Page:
The art of the golf course bunker

Take a peek at five unique, inspired bunkers, crafted to resemble a beloved beagle, a crabby course mascot and more.

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Golf course bunkers come in all shapes and sizes, but some of those shapes and sizes are a bit more clever and symbolic. This month, GCM spotlights some of the more distinct and, in some cases, colorful bunkers we’ve come across.

Harborside International Golf Center
Chicago

Harborside International Golf Center
The nautical motif touches several aspects of the 36-hole Harborside International Golf Center in Chicago, so named for its proximity to Lake Michigan. The 216-yard, par-3 15th hole on the Port Course features an anchor-shaped island of turf set afloat in the middle of this fairway bunker. Ryan Tully, a 14-year GCSAA member, is the GCSAA Class A superintendent at Harborside. Photo courtesy of Harborside International Golf Center

Apple Tree Golf Course
Yakima, Wash.

Apple Tree Golf Course
Apples are aplenty — as both a theme and the fruits themselves — at Apple Tree Golf Course, situated amid a century-old apple orchard in Yakima, Wash. This bunker forms the leaf on the 17th-hole island green, with players accessing the green via the fruit’s “stem” walkway. John W. Hull, a 20-year member of GCSAA, heads maintenance at Apple Tree. Photo courtesy of Apple Tree Golf Course

Highland National Golf Course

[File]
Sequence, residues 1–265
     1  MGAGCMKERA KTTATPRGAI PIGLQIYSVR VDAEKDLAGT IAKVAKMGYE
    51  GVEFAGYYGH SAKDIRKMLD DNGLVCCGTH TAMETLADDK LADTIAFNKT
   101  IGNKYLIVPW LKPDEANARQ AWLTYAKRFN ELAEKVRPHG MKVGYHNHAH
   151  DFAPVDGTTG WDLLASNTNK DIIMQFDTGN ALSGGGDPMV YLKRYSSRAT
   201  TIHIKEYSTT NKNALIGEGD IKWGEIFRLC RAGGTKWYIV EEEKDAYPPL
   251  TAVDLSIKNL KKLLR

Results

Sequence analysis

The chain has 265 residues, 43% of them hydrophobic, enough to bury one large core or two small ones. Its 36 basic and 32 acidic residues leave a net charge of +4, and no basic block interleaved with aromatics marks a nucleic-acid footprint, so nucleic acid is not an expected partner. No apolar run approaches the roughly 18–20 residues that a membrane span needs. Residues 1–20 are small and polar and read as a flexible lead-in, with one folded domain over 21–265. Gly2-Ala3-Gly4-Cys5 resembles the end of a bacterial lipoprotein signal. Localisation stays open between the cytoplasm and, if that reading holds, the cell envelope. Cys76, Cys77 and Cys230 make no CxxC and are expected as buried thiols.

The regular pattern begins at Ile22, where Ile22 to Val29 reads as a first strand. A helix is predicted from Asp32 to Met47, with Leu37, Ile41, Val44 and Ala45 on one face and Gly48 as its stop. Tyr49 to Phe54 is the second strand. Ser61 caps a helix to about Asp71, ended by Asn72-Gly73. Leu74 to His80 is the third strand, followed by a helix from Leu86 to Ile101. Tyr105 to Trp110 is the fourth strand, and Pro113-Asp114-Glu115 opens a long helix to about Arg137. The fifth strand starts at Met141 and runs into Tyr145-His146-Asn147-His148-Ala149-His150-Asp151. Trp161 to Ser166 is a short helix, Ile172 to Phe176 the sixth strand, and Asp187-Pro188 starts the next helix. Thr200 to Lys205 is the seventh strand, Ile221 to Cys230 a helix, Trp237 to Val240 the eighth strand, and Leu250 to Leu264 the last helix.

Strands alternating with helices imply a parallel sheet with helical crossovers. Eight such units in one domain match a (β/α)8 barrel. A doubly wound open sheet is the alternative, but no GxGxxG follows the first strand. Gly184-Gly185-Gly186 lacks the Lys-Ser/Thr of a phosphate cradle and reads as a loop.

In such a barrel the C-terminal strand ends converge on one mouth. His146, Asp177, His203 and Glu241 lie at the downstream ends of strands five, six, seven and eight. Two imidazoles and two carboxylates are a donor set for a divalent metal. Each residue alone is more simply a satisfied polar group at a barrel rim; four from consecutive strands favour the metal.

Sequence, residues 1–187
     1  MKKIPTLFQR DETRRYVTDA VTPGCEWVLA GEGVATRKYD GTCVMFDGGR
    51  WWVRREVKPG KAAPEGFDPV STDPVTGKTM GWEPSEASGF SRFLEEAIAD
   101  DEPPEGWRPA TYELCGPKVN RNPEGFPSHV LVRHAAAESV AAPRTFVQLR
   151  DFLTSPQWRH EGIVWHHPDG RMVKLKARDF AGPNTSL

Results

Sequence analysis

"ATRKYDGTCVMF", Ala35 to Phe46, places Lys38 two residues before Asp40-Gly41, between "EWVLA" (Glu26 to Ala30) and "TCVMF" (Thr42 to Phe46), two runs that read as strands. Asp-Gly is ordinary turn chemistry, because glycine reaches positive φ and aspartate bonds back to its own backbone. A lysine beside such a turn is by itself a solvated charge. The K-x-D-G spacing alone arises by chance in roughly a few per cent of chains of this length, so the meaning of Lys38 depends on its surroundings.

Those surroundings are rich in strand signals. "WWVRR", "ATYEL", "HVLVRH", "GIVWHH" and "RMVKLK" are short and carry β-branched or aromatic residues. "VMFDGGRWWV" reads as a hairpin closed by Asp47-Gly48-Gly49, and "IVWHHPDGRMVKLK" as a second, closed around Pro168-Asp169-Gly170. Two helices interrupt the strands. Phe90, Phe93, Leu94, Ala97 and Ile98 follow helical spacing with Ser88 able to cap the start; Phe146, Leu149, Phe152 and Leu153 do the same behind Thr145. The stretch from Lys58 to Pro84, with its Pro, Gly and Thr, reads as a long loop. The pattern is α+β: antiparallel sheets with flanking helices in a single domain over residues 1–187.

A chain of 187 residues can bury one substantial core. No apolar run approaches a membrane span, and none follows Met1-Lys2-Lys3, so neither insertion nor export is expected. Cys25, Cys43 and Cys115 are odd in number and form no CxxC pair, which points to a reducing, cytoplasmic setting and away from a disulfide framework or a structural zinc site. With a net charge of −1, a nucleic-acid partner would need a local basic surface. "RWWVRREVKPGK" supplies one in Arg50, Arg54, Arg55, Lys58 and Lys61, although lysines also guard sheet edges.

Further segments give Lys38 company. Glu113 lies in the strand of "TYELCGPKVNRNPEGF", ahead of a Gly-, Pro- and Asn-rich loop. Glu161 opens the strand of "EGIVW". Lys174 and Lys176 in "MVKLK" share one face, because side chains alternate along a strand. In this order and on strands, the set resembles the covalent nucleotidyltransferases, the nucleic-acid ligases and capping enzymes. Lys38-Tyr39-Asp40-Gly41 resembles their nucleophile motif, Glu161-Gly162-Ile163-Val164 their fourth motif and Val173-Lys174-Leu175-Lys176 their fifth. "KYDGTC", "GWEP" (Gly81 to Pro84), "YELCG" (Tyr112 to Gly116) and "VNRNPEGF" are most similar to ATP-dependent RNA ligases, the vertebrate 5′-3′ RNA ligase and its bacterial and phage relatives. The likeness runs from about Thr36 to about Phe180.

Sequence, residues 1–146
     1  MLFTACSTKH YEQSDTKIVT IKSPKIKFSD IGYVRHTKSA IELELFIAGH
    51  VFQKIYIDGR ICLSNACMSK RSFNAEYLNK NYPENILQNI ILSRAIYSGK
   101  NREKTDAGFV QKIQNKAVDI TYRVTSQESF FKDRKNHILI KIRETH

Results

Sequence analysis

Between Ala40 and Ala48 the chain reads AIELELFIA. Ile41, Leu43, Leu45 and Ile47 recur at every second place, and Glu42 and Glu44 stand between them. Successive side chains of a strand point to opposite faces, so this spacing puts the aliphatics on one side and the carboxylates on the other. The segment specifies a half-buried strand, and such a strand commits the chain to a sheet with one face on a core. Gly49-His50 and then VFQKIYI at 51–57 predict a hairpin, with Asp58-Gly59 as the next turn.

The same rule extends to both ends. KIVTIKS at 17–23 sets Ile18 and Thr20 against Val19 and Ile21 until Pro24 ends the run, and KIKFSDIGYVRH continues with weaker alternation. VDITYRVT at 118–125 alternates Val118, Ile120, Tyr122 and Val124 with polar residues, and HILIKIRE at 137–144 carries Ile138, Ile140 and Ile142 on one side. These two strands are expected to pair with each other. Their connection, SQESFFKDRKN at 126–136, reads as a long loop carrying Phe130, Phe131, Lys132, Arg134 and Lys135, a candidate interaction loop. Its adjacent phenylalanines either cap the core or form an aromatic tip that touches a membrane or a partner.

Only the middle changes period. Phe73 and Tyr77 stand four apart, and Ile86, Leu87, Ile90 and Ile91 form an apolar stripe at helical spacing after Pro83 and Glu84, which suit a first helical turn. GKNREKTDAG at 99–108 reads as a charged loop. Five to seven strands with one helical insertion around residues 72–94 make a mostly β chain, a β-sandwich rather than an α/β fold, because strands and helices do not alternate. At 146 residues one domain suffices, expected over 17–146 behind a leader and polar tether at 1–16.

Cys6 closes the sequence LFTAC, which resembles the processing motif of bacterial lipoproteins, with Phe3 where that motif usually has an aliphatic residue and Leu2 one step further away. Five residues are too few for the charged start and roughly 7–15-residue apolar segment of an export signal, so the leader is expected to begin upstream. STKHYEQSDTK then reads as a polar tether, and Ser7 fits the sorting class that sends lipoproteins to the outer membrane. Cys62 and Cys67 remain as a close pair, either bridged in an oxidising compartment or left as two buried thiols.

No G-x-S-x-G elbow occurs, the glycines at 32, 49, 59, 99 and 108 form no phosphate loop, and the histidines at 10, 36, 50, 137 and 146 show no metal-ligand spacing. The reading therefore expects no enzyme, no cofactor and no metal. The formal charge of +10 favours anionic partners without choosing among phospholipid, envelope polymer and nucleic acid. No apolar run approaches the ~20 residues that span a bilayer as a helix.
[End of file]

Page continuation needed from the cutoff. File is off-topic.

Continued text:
Highland National Golf Course
St. Paul, Minn.

The Snoopy bunker on Highland National Golf Course’s 15th hole is an homage to “Peanuts” creator Charles M. Schulz, who learned how to play golf at the course in St. Paul, Minn., in the 1930s. Denise Kispert, a 20-year member of GCSAA, is the GCSAA Class A superintendent at Highland National. Photo by Google Earth


Colbert Hills Golf Course
Manhattan, Kan.

Colbert Hills Golf Course
Kansas State University’s wildcat mascot has left its mark on the fifth hole of Colbert Hills Golf Course in Manhattan, Kan., where Matthew Gourlay, CGCS, leads maintenance. Even the bunker’s sand sports school spirit, imbued with KSU’s signature purple. Photo by Roger Hammerschmidt

The Cedars at Dungeness
Sequim, Wash.

Old Crabby
Pincers primed, “Old Crabby” the Dungeness crab guards the third hole at The Cedars at Dungeness in Sequim, Wash., where three-year GCSAA member Ken Chace is the superintendent. A filling of red volcanic cinders from Bend, Ore., enhances the resident crustacean’s realistic look. Photo courtesy of The Cedars at Dungeness


Megan Hirt is GCM’s managing editor.